The differential diagnosis for cortical dysplasia includes a variety of structural and nonstructural epilepsy-producing lesions. Nonstructural causes of seizures such as electrolyte imbalances, toxic causes, and febrile seizures always need to be excluded. Structural epilepsy-producing lesions, which are usually detectable with appropriate imaging, can be categorized into 6 broad groups: (1) malformative, (2) neoplastic (eg, ganglioglioma, dysembryoplastic neuroepithelial tumor), (3) familial or metabolic, (4) vascular or traumatic, (5) infectious or inflammatory (eg, Rasmussen encephalitis), and (6) hippocampal sclerosis (198). A combination of clinical, EEG, and imaging data can usually be used to differentiate these entities. One area of potential difficulty exists with the dysembryoplastic neuroepithelial tumor, which is an epileptogenic tumor of children and which has a multifocal pattern with adjacent cortical dysplasia. This diagnosis is confirmed by neuropathologic examination of biopsy or resected tissue, in conjunction with neuroimaging (29). Finally, it should be stressed that although cortical dysplasia (in the broad sense) is the most frequent malformative lesion associated with pediatric epilepsy, other malformations such as Sturge-Weber-Dimitri syndrome, vascular malformations, or meningioangiomatosis can all be causal.
Epileptogenic developmental cortical tumors. Two grey matter tumors of the cerebral cortex are regarded as a “borderland” between dysplasia and neoplasia: ganglioglioma and dysembryoplastic neuroepithelial tumor (DNET or DNT). The dysplastic part of the tumors is the neuronal elements, whereas the glial elements are regarded as the neoplastic component. These tumors do not metastasize, but they can enlarge disproportionate to brain growth in infants and children. They are almost certainly congenital lesions, but their clinical expression as epilepsy may be delayed for months or years though rarely until adult life. It is now questioned whether they are really malignant neoplasms at all, or another form of focal cortical dysplasia (189). Genetically, they share many mutations with focal cortical dysplasia II and hemimegalencephaly. Furthermore, ganglioglioma also shares an upregulation of abnormally phosphorylated tau protein with the others (158).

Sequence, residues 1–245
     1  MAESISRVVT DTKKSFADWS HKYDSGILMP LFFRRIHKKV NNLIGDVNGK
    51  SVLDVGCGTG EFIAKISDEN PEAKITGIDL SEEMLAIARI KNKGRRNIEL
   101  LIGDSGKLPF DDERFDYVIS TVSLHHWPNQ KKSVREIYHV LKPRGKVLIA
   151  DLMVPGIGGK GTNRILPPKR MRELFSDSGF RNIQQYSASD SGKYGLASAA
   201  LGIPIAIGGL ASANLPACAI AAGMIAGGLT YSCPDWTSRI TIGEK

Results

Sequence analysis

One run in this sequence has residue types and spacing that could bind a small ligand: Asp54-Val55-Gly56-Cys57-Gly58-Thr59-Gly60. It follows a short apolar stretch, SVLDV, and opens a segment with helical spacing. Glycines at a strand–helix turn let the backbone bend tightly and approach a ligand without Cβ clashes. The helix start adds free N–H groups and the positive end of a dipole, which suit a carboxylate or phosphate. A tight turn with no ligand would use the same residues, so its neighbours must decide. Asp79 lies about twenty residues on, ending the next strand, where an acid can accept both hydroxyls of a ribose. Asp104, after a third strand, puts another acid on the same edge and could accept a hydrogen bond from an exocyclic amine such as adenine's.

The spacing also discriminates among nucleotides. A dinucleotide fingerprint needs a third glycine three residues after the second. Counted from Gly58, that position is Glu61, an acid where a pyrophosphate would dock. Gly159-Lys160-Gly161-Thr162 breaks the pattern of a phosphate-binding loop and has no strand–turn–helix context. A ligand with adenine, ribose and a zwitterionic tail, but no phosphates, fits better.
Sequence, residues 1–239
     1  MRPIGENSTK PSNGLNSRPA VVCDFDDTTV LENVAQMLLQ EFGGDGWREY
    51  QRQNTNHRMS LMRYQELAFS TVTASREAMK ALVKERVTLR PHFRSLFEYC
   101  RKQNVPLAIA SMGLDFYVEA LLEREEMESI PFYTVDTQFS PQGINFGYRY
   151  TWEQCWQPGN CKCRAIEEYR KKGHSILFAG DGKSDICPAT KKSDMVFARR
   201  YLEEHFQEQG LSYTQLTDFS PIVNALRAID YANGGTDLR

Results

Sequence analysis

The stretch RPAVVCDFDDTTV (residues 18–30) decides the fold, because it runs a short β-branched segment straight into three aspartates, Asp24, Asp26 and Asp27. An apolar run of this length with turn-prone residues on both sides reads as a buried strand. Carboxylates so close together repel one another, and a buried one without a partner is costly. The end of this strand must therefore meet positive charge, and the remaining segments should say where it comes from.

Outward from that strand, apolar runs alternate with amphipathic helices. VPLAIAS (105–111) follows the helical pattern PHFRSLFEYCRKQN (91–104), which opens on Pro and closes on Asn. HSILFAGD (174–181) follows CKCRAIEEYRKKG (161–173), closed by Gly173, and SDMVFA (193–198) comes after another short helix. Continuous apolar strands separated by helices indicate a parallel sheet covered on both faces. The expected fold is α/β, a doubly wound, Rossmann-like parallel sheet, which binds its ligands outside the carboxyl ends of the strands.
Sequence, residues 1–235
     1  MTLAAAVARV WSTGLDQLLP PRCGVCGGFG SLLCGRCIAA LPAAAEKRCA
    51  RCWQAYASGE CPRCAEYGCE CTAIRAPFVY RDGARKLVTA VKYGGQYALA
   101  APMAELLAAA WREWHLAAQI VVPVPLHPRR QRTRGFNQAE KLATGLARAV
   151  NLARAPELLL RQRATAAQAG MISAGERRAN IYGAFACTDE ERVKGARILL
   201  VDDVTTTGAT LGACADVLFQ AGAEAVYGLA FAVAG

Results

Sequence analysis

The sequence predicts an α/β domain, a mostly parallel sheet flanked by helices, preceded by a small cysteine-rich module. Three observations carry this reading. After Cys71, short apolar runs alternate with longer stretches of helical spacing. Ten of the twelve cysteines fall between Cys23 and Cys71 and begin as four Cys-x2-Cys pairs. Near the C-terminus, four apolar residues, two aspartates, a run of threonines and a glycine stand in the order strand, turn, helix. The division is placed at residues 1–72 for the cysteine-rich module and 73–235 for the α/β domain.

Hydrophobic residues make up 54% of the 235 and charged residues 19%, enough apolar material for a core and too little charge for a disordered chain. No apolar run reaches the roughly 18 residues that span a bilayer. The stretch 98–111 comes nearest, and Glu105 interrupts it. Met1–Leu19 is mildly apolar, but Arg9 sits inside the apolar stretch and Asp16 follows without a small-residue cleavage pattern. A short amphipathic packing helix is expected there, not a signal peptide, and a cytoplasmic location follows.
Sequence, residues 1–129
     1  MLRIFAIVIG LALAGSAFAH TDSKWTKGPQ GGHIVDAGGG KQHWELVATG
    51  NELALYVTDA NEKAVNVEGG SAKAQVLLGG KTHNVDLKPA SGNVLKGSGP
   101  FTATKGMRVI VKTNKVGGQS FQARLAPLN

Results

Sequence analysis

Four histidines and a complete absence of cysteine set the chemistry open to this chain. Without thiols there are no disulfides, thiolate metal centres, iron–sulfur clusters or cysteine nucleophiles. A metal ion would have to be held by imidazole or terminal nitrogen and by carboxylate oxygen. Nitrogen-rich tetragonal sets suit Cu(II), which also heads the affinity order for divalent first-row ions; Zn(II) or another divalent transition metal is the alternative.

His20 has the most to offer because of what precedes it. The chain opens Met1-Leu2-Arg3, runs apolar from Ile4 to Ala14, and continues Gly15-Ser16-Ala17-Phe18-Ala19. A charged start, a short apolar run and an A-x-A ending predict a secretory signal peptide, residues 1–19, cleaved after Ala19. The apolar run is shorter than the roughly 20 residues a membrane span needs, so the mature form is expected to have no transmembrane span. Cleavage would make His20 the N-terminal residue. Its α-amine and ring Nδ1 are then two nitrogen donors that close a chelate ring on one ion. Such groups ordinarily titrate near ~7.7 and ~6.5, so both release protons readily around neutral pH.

In tuberous sclerosis, the cortical tubers are hamartomata that include both neuronal and glial elements, but periventricular nodules and subependymal giant cell astrocytomas are comprised of astrocytes without neurons that become benign tumors because of their growth and proximity to the foramen of Monro where they can cause obstructive hydrocephalus. Retinal astrocytic hamartomata also occur (140).
The diagnostic workup for cortical dysplasia includes careful history (including family history), physical examination, EEG, and electrolyte, metabolic, and toxicological screens. Imaging (preferably MRI) is warranted to determine if a structural lesion is present and even to define the type of focal cortical dysplasia (73; 141). Neuropsychologic testing may also be indicated. If a high likelihood of cortical dysplasia is established, the location and extent of resection can be determined by the localization of the structural lesion. The zones of epileptogenesis can be mapped using preoperative EEG and intraoperative electrocorticography. Stereoscopic EEG is a new application for identifying epileptogenic foci in patients who do not exhibit an MRI lesion and may not even show a histopathological lesion at the EEG focus (89).
The use of 7 or 9.4 Tesla MRI scanners, rather than the standard 1.5 Tesla or improved 3 Tesla apparatus, enables more precise diagnosis of type 2 focal cortical dysplasia and correlations with histopathological findings (143; 210; 188). Caution must be exercised in the interpretation of MRI intensity changes in lesions, however, because some changes may be transitory or reversible, probably due to epileptic discharge activity (87).